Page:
|Mary, Queen of Angels assisted living facility residents Paula Cagle, Peggy Benson, Blanca Arnold and Shirley Greenfield work on a project as part of the award winning Stepping Stones Program, which was designed to help therapy patients be integrated back into the assisted living community and declining residents to find new meaning and purpose through a structured environment.|
At the 2012 LeadingAge of Tennessee Conference, Mary, Queen of Angels Assisted Living facility was awarded The Innovator of the Year Award in recognition of the Stepping Stones program.
LeadingAge Tennessee is an association of communities and professionals providing quality housing, health, community and related services for the elderly.
The Stepping Stones program was implemented earlier in the year through the efforts of Mary, Queen of Angels Activities Department and therapy provider Innovative Senior Care to provide individual guidance for residents who have been on therapy or are declining and losing purpose. The goal of the program is to help therapy patients be integrated back into the assisted living community and declining residents to find new meaning and purpose through a structured environment.
Often, when residents complete therapy, they are still not at the comfort level as before therapy was needed and end up being less active, only to need therapy again. The Stepping Stones program offers individual attention aimed at preventing such a reversal.
Residents are referred to Stepping Stones by two staffers from nursing, activities, therapy, and/or the psychiatric evaluation team. Referrals may be made to Cognition/Memory, Low Vision, Project Partners, Community Integration, Community Networking, Walking Club and Therapeutic Exercise groups. Each group provides high degrees of supervision and interaction.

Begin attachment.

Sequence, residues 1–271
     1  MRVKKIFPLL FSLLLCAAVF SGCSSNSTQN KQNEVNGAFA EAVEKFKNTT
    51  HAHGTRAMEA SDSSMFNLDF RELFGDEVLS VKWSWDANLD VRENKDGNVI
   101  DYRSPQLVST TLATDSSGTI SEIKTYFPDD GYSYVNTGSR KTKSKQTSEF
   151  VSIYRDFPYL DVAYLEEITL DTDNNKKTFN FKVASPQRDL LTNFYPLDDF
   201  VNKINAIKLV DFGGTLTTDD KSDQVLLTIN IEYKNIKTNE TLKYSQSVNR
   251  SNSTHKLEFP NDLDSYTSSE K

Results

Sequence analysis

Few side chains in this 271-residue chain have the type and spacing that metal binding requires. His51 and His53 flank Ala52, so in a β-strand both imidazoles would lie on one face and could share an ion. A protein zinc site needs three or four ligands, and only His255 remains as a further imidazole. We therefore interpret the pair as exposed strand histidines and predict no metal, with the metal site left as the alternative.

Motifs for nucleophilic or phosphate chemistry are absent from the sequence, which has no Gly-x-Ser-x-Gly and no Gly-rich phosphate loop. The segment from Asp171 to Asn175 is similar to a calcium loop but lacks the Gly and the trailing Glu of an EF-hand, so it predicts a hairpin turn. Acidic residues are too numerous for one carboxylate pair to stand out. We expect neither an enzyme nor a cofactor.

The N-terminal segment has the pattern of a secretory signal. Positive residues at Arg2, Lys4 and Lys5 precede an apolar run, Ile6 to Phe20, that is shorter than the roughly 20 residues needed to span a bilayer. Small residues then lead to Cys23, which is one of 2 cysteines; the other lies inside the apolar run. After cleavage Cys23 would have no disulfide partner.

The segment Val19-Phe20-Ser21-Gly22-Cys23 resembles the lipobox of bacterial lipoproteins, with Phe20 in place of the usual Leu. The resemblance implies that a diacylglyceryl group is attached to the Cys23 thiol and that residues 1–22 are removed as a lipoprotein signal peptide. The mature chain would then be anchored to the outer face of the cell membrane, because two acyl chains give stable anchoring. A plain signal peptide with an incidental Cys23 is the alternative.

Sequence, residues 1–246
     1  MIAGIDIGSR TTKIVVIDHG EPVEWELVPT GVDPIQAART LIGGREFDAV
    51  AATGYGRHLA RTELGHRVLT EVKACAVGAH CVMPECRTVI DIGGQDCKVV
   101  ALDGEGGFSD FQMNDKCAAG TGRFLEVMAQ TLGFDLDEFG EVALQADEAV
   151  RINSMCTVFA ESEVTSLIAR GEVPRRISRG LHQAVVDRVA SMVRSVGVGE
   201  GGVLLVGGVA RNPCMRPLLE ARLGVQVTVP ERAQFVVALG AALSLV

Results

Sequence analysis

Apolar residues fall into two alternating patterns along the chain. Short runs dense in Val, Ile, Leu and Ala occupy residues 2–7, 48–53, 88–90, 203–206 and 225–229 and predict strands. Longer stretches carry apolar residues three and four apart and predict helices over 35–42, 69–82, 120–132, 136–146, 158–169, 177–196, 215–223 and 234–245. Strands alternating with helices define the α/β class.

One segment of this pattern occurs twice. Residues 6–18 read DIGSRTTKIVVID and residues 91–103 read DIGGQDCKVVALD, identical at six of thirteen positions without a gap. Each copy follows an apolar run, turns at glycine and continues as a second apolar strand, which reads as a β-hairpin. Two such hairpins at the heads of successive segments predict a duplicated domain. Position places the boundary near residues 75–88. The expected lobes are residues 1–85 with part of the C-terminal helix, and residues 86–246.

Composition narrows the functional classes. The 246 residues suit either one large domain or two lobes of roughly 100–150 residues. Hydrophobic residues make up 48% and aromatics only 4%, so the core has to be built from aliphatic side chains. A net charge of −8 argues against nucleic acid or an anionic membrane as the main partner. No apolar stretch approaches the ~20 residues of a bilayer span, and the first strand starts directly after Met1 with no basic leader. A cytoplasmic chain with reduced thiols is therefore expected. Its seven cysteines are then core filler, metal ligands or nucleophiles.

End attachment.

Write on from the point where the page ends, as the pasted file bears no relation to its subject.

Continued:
As an example, residents who participate in Project Partners make baby quilts and blankets, which are donated to local hospitals. Teddy Bears are also sewn and given to local hospitals and police departments for children involved in domestic situations.
Puzzle Projects allow residents to make puzzles to be donated to children in hospitals and proves to be a favorite of both residents and the children choosing them. Finally, the scraps from the above projects are used to make puppy toys that are donated to the local animal humane association.
Each project gives the residents a sense of purpose and contribution to society, which is rejuvenating.
Melodie Van Wye, executive director of Mary Queen of Angels, stated that one of the unique things about the new program is that it was ever initiated in the first place. Normally, the first question asked about a new program is how much money it will generate, she said. The Stepping Stones program does not produce any additional revenue and is there purely for the benefit of the residents, she added, but, the value of the program is astronomical.